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Networking/Connections  1:45 pm - 2:30 pm

Fostering a strong support network is vital to career growth and community engagement. Creating positive personal and professional connections means initiating conversations with prospective employers, professors, community leaders, etc. Do you admire a professional in your community? Ask him or her to lunch and use that time to build a connection and learn all that you can about his or her profession. Finding a mentor is essential for encouragement and inspiration. Mentors act as sounding boards, serve as trusted advisors and frequently warn against common mistakes. Being a mentor builds a better society and strengthens the mentor’s own knowledge in his/her respective field. Building a strong personal brand and support system will help you stand out when competing against numerous applicants for the same job. Mentors can help ease your transition from campus to the workplace. This process requires close attention to time management and professionalism and an understanding of entry-level job expectations.

Volunteering is another way to cultivate new connections while establishing a strong sense of self. The primary focus of charity is to alleviate the effects of social problems, while philanthropy aims to eliminate the social problem. Giving back enhances one’s emotional health and sense of purpose, and is directly tied to reducing stress and increasing one’s happiness. Philanthropy solidifies one’s role in her community and catalyzes community progress. Community involvement and/or campus life is directly connected to one’s success. You can discover your passions and strengths, and also broaden the scope of your resume.

"I come from such strong support; I come from the land of 'of course'. Like, 'of course this is going to happen' because we have willed it to be and we are going to put in the work to make it happen." - Yara Shahidi

 picture of Janet Haedicke  picture of Paula Griswold  picture of Georgia Street
Janet Haedicke
Professor of English/Grad School Coordinator
University of Louisiana Monroe
Dr. Paula Griswold
Assistant Dean
College of Health and Pharmaceutical Sciences
University of Louisiana Monroe
Georgia Street
Executive Director
Ronald McDonald House

in the Workplace 
2:45 pm - 3:30 pm

Did you worry about being called “bossy” when you were a little girl? Research shows that female children do not appreciate female peers who tell other girls what to do. Subsequently, girls learn not to "boss people around" for fear of being banished from their social circle. While girls play collaboratively, boys play games that encourage hierarchy and leadership, such as “king of the hill.” How does playground behavior influence the workplace? Women tend to avoid taking credit for an achievement, and they speak apologetically so as not to appear overbearing or boastful. For example: “I’m sorry if this idea has already been suggested.” Or, “I just thought maybe we could…” Conversely, men tend to express pride in their ideas and tout their achievements.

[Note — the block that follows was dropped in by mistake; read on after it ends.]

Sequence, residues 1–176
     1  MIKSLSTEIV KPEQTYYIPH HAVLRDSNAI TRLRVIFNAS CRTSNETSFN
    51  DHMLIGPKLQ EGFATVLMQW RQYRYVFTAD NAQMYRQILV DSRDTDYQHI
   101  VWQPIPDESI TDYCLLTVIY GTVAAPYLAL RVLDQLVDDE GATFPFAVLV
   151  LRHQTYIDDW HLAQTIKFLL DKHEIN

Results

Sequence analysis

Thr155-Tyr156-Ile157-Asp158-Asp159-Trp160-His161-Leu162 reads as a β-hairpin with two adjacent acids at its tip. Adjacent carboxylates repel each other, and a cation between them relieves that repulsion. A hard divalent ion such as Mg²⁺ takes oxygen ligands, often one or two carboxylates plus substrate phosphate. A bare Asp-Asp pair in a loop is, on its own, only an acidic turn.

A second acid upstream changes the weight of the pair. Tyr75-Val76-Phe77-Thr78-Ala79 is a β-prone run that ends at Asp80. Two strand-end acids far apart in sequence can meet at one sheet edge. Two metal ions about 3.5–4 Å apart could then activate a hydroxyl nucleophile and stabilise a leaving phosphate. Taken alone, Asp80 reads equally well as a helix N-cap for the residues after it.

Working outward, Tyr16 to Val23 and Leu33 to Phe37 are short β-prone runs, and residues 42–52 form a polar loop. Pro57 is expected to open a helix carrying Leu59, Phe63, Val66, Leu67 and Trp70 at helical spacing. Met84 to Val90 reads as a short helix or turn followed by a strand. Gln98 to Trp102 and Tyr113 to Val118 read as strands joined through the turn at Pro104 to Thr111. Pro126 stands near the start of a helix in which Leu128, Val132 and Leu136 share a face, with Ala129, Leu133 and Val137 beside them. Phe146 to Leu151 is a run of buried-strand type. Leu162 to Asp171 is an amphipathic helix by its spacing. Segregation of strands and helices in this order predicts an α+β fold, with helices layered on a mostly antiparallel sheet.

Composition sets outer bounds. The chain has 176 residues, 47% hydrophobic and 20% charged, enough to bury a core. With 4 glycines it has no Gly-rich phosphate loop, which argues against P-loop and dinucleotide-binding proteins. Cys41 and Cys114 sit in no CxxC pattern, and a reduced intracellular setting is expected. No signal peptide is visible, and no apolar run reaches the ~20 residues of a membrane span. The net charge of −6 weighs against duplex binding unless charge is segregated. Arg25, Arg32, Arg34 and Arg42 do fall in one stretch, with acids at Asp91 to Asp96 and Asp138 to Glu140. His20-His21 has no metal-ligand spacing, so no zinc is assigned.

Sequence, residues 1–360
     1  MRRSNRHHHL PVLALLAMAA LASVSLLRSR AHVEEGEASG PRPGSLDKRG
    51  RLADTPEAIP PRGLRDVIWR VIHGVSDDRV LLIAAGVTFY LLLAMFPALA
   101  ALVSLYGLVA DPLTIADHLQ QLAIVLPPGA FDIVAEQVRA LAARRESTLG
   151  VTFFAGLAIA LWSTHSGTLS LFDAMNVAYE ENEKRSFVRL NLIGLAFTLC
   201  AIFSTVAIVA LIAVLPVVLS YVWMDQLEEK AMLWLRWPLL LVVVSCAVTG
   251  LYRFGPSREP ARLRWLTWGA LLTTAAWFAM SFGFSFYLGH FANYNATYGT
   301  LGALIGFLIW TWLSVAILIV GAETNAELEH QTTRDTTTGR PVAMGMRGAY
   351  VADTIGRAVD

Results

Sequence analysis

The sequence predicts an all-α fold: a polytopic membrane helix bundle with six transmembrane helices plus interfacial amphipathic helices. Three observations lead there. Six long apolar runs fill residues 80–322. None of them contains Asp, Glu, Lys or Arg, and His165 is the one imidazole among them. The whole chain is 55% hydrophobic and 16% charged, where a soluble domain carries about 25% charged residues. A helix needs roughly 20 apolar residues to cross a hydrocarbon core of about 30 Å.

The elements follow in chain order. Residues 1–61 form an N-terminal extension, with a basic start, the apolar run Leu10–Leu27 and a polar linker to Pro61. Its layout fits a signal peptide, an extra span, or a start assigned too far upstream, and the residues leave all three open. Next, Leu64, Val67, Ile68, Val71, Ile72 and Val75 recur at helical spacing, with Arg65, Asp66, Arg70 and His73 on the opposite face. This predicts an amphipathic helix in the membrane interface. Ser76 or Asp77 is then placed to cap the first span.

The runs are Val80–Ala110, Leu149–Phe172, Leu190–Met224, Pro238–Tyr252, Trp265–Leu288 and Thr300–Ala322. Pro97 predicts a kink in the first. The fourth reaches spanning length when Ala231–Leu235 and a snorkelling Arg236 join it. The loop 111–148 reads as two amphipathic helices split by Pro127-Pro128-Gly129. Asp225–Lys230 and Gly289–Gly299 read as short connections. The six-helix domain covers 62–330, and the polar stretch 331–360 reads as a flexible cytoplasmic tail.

Would you rather visit the dentist than negotiate for yourself? You are not alone. Women are socialized to create peace in relationships, which includes the workplace. When a female professional negotiates with someone, she may feel she is taking something away from him or her. Negotiations regarding one’s salary, promotion, and maternity leave, are all vitally important. Women need to overcome feeling “selfish” or “greedy” when advocating for themselves. Learn how you can communicate with confidence, negotiate without guilt, and advocate for yourself.

"You get in life what you have the courage to ask for." - Oprah

 picture of Jennifer Haneline  picture of Natalie Ingle  picture of Sue Nicholson
Jennifer Haneline
Northeast Louisiana Regional Manager
Louisiana Campaign for Tobacco-Free Living
Natalie Ingle
Director of Operations 
The Woman's Clinic of Monroe

Sue Nicholson
President & CEO
Monroe Chamber of Commerce


Authentic Leadership 3:45 pm - 4:30 pm

Authentic leadership emerges through mutually-established respect and trust between leaders and subordinates. Building credibility means aligning your words and actions and actively engaging with your employees and colleagues. A leader should be both firm and honest, while also supportive and sensitive to others. Consistency will eventually establish an appreciative culture within your working community.

Every leader experiences self-doubt. Overcoming those fears means not letting others’ opinions define you. Surround yourself with positive people and reframe failures as opportunities for growth. Success is not instant, and a willingness to adapt is synonymous with good leadership. Learn how to find your voice and collaborate with different personalities. Using your voice for effective communication requires speaking up, paying attention to tone, word choice, and body language. Being assertive is a positive leadership quality. Constantly apologizing while articulating your ideas diminishes your message. Women have always had voices; the trick is getting people to listen.

As a leader, it is important to recognize and attempt to rectify the underrepresentation of women leadership positions. Women admit to facing more pushback when asking for raises and promotions. Creating a work environment that focuses on progress and the success of one’s employees is a primary component of being an effective leader.

"If your actions create a legacy that inspires others to dream more, learn more, do more and become more, then you are an excellent leader." - Dolly Parton

 picture of Twainna Calhoun  picture of Mary Barrios  picture of Allison Jones Chapman

Twainna Calhoun
Good Hope Middle School

Mary Barrios
Healthy Living Coordinator
Children's Coalition

Allison Jones Chapman
Business Development Officer
Lyons Specialty Stores